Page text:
Capo for Guitar -Which to Buy

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After a performance in the L.E.S. the other night a beginner guitarist approached me with some questions about the capo I was using. After the conversation I thought it would be a good idea to write a blog with my thoughts on the device. In deciding which capo for guitar to buy it’s important to understand the principle of how they work.

A Capo is a clamp like device that connects onto your guitar neck. When it’s clamped to the neck it raises the tuning of the guitar. It allows you to play the same G chord shape that you already know, but it will sound higher. Each fret you place the capo for guitar on raises the guitar by a half step. So if the capo is on fret 2 the guitar is 2 half-steps 9one whole-step) higher. Woah!! I didn’t sign up for math class!! I know, there is some math here but you don’t have to become a corporate accountant to understand. Check it, so in the example I mentioned above where we place the capo for guitar at fret 2, our G chord is the same shape but actually sounds like an A chord now. This is because we raised the pitch of the guitar by a whole step. A is a whole step higher then G.

This little device is like the invention of the wheel for guitarists. The capo has been unfairly nicknamed a “cheater”. Some narrow minded musicians see it as a work around for knowing how to play more chords. Using a capo for guitar has as much to do with making playing chords easier as it has to do with sound. Each chord shape has a sound to it that is much deeper then “this is a D chord” or”this is a G chord”. The fingerings of chords change the metabolic makeup of the chord. In today’s class we’ll be dissecting a chord kids. Scalpels!!

Chords are made up of stacked intervals. In which order those intervals are arranged makes a difference in their sound or presentation. Kind of like having your shirt tucked in or out. A C chord has the notes C E G in it. If you play E G C (1st inversion) it’s still a C chord but has a different flavor. It has a dash more pepper in my opinion.

Now that I tricked you into learning a little music theory let’s get back to how this relates to a capo for guitar . Each chord shape you play has an identity. Do make sure to card as some of these are minors!!!! har har har (worst joke of the year ya think?) I think I got that out of my system now. Because each one has it’s own identity or “shape”, a capo allows you to get that shape for other chords. So if you love the sound structure of a G chord but the song is in Bb you can use a capo to get a G shape sound and the chord will be Bb. Brilliant!!!!

This isn’t cheating. When I use a capo for guitar it has everything to do with the timbre I want to get out of the instrument NOT making it easier. Some chords just sound better in an open position because of the added sustain. Someone who says using a capo is cheating doesn’t understand the instrument.

Now that the tech details have been discussed let’s talk about which capos are best. They all do the same thing in theory but like most things there is the cheap less effective way and more expensive better designed way. For me the G7th Performance capo for guitar work best. The design allows you to place the capo on the fretboard without bending the strings out of tune.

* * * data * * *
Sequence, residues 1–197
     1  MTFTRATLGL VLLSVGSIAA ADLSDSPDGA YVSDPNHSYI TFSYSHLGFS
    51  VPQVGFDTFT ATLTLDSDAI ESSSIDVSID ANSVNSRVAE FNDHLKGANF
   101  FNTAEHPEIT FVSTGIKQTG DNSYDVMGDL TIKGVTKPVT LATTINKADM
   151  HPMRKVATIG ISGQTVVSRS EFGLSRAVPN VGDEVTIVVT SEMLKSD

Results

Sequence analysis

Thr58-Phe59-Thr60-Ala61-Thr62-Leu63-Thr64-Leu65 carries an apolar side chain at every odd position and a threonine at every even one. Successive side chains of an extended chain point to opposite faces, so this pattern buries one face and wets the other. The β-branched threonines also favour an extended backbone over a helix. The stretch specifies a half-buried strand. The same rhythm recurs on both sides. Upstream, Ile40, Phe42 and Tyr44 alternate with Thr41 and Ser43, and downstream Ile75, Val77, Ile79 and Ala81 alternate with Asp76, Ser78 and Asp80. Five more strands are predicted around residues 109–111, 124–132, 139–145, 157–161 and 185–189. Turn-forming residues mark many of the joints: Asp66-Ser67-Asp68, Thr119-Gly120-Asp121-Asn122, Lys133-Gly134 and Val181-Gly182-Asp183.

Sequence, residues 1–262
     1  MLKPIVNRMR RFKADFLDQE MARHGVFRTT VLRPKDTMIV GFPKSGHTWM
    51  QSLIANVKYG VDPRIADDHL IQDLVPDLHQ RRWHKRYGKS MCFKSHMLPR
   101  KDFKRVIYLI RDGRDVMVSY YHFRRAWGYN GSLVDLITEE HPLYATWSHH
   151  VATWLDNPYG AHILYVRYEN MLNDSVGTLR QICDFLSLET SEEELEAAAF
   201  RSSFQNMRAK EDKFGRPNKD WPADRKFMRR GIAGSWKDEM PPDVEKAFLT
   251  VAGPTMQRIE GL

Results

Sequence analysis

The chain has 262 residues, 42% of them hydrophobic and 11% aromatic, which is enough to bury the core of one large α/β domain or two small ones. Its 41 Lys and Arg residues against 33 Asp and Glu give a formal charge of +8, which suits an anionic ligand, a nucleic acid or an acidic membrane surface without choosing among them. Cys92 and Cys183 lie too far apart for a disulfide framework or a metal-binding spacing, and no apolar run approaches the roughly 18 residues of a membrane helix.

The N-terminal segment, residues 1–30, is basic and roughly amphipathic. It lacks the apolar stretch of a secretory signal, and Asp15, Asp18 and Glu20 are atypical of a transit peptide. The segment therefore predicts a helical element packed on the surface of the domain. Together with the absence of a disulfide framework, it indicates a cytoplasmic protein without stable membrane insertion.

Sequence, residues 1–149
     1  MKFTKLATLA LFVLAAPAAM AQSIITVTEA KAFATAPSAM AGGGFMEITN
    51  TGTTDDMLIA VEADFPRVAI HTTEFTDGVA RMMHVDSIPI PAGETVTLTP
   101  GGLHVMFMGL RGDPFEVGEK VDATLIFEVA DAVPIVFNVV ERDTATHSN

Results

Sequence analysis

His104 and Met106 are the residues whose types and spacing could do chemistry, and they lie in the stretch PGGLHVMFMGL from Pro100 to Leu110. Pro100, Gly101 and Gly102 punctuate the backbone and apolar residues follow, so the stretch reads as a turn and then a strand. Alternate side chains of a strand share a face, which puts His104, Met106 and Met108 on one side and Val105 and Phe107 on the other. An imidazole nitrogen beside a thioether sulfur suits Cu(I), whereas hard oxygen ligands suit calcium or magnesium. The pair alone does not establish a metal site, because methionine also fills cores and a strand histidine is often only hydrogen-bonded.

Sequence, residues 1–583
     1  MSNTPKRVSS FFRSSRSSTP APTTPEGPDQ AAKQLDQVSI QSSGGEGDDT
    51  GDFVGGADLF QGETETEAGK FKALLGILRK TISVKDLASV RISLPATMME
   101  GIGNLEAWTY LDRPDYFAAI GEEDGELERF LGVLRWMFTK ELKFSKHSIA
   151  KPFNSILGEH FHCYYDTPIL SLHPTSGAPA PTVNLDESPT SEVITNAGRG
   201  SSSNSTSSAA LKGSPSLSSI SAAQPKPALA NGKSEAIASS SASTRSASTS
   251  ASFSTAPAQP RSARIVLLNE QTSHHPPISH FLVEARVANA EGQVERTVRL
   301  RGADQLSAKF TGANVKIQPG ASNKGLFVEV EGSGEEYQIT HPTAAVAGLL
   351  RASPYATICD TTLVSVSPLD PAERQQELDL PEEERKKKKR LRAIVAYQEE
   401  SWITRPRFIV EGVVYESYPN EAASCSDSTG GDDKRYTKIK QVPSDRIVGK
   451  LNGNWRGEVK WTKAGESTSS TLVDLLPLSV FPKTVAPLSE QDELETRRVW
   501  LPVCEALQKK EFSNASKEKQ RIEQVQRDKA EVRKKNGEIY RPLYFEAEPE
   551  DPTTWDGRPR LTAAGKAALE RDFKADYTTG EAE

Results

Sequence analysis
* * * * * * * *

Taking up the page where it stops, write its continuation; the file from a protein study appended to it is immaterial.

There are capos with a strap that wraps around the neck. These are most often the cheapest version of a capo. They work but have a tendency to knock the guitar out of tune more then a trigger capo. They are ok for a beginner but for the little extra to upgrade it’s worth it The straps often stretch over time resulting in the need to buy a new capo.

My second choice capo for guitar is made by Shubb. It has a lever on the back that you close to tighten the capo after it’s placed on the guitar. Along with the lever there is a screw adjustment to tweak how tight the capo will clamp the strings. Because of this it’s the second most accurate capo second only to the g7th. The only problem is it takes a little more time to place as depending on where you place the capo you have to adjust the screw.

Capo designs like Trigger capo’s are designed to change quickly but often end up bending the strings out of tune. Trigger style capos are the most popular capo for guitar and far from the best. They are non adjustable. They advertise “quick release” which seems like an attractive quality, but not really considering all the extra tuning you’ll need to do. I’ve seen a lot of songwriters just throw a trigger capo on their guitars onstage and not check tuning. The audience then has to suffer through an out of tune guitar for the entire song. It doesn’t matter how good your song it if your guitar is out of tune. Trigger capo’s also tend to be pretty cheap which draws a lot of guitarists to them. It’s worth the extra money believe me.

This will get you on your way with your first capo for guitar purchase.

For more info on what makes chords sound different check out my post on G Chord Personalities:

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Guitarist Mark Marshall located at 51 Macdougal St #264 , New York, NY . Reviewed by 11 customers rated: 4.9 / 5
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